“An excellent recap of the USNT qualifying for the 2010 World Cup.” 

Global Post, 5/11/10
“A useful primer for both knowledgeable fans and those who, after a four-year hiatus from soccer, want to catch up with our lads…Bondy provides a remarkably comprehensive modern history of American soccer and its World Cup experience… exceedingly well written.”

Dr. Harvey Frommer on Sports, 5/13/10
“Highly recommended for soccer zealots.”

GQ, June 2010
“The odyssey of our national team, which is a lot weirder and more fascinating than you’d expect."

Barnes & Noble Review, 5/31/10
“Bondy entertainingly describes the highs and lows of soccer's beleaguered history in the U.S.”

Goal.com, 6/5/10

“A comprehensive look at the USA's journey in the sport in general, and the 2010 World Cup in particular.”

Washington Post Soccer Insider Blog, 4/21/10
“The outstanding columnist for the New York Daily News recounts the run-up to the World Cup and what lies ahead for the American squad.”

Global Post, 5/11/10
“Bondy provides a remarkably comprehensive modern history of American soccer and its World Cup experience…The book is exceedingly well written as it executes as complex a weave—back and forth in time—as any witnessed on a soccer field. But its greatest strengths are Bondy’s passion for the game—his Czech-born father raised him to prize soccer over all other games—and the fact that he witnessed most everything he writes about. He has covered every World Cup dating back to 1990 and has traveled to the remote outposts like Tegucigalpa and Port of Spain where the team earns its Cup qualification.”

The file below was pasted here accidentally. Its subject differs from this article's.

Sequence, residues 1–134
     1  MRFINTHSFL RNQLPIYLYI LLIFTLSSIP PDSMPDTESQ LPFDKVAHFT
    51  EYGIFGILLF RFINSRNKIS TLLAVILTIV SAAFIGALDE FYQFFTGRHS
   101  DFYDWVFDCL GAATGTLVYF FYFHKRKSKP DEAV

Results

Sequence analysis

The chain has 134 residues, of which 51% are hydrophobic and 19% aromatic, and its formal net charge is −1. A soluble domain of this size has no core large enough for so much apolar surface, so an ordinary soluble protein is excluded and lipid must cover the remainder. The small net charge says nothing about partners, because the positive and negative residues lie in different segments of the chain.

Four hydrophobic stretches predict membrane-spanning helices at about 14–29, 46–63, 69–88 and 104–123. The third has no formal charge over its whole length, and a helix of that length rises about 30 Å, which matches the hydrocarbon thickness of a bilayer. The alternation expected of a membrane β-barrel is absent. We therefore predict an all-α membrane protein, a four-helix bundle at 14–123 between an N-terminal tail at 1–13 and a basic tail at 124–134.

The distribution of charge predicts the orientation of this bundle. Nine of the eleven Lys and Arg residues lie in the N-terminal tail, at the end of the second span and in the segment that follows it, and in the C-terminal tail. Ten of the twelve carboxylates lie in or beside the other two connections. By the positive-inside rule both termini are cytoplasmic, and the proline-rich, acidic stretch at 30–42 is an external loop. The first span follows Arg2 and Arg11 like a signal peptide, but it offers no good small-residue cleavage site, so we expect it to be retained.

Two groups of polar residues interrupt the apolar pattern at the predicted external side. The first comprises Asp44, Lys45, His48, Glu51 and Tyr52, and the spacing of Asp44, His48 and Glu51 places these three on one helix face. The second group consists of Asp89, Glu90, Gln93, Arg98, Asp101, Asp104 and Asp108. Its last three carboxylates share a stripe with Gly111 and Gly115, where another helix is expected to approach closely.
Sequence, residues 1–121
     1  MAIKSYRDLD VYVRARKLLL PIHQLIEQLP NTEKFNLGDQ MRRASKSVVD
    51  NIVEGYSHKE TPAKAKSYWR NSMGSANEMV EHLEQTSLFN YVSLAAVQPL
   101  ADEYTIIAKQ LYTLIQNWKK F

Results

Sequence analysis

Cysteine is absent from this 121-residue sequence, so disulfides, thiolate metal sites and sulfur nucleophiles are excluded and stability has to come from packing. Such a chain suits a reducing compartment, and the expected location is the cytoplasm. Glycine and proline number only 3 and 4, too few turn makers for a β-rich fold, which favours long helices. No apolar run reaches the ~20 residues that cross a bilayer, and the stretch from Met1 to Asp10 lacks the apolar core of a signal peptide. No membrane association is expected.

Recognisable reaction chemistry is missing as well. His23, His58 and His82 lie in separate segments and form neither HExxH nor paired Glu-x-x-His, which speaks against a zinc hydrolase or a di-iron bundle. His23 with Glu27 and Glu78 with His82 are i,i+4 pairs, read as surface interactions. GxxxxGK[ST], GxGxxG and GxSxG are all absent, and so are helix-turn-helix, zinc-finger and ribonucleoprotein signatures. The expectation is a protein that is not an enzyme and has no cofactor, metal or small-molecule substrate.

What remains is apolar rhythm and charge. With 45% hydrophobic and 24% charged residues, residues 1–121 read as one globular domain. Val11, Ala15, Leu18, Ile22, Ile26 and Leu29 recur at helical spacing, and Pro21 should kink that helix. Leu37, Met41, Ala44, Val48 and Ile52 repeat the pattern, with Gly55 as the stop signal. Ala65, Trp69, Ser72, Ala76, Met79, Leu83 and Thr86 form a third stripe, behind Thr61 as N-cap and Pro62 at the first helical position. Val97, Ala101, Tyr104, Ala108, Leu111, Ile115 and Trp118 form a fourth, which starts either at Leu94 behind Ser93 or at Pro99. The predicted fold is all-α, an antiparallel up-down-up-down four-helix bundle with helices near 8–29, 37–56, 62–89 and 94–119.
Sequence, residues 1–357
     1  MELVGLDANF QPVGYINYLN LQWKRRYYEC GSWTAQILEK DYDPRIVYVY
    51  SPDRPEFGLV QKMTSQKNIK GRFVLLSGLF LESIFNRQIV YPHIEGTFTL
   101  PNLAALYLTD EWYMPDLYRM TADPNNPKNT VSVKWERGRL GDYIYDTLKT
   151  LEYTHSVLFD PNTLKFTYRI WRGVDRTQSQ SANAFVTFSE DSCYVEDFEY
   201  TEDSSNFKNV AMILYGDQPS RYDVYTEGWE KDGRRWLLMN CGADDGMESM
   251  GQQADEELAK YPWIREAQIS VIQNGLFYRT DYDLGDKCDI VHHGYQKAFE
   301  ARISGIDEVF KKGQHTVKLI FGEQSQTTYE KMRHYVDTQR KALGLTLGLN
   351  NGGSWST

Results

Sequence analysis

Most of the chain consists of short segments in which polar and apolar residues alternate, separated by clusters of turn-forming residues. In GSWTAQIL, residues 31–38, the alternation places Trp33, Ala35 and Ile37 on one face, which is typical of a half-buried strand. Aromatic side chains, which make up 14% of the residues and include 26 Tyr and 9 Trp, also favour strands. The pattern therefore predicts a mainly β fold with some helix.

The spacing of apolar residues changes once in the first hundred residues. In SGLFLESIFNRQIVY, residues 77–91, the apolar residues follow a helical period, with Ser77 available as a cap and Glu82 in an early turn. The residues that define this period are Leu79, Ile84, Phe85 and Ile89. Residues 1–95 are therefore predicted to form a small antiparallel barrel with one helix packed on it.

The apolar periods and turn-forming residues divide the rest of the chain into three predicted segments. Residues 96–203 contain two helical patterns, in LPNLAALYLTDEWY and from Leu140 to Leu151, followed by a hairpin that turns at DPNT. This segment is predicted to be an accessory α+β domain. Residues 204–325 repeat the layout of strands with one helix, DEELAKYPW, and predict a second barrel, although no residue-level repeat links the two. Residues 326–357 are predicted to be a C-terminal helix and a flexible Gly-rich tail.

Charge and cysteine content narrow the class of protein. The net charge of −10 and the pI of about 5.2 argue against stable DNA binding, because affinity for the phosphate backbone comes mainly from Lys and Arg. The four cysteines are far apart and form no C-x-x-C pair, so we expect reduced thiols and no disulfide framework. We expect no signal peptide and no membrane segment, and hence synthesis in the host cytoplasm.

San Bernardino Sun, 5/10/10
“Bondy's insights are meaningful whether a reader only pays attention to soccer once every four years or is a devoted fan…an excellent primer for those who want to understand American soccer's place in the sport and the world before the tournament begins.”

Bleacher Report, 5/11/10
“Whether you're rooting for the United States National Team or not, Filip Bondy's Chasing the Game is an excellent recap of the USNT qualifying for the 2010 World Cup.”

New York Times, 5/11/10
“The veteran journalist, a columnist who writes for The Daily News in New York, chronicles the evolutionary fits and starts of soccer in America, from the grass roots to the fields of South Africa.”

GQ, 6/1/10
“The odyssey of our national team, which is a lot weirder and more fascinating than you’d expect.”

Goal.com, 6/5/10
“A comprehensive look at the USA's journey in the sport in general, and the 2010 World Cup in particular… a valuable resource… Where Bondy excels…is in managing to put the campaign for 2010 into a historical context that goes back to the very first World Cup in 1930…Bondy doesn't report just the facts of the games, though. His careful observations about the way the USA soccer was marginalized and unsupported bolster a too oft-ignored truism—that the professional game in a country needs to be stable and successful in order for a national squad to consistently improve…
While it's a bit startling that the veteran sportswriter can fit so much about the journey of United States soccer into a tome that isn't of intimidating size, it's important that Bondy has produced it. Aristotle wrote, ‘If you would understand anything, observe its beginning and its development.’ Chasing the Game makes it simple for the USA fan, novice and experienced alike, to do just that.”

Chicago Sun Newspapers, 6/13/10
“An excellent behind-the-scenes look at the U.S. team.”

Cleveland Plain Dealer, 6/13/10
“…the columnist for the New York Daily News writes well, and is impressively steeped in the history and politics rolling around the spotted ball…”
 

The Washington Post Book World, 6/20/10
“Filip Bondy shows how the U.S. team may be able to make a run—with a little luck—deep into the tournament.”
 
BigSoccer.com, 6/19/10
“Excellent.”
 

BiblioBuffet
“[Bondy] does a nice job profiling the team’s players and their path to South Africa. The book’s real valuelies in how Bondy shows soccer’s slow, steady assimilation into an already crowded sports culture. It’s a reminder that every sport has an infancy period.”

Library Journal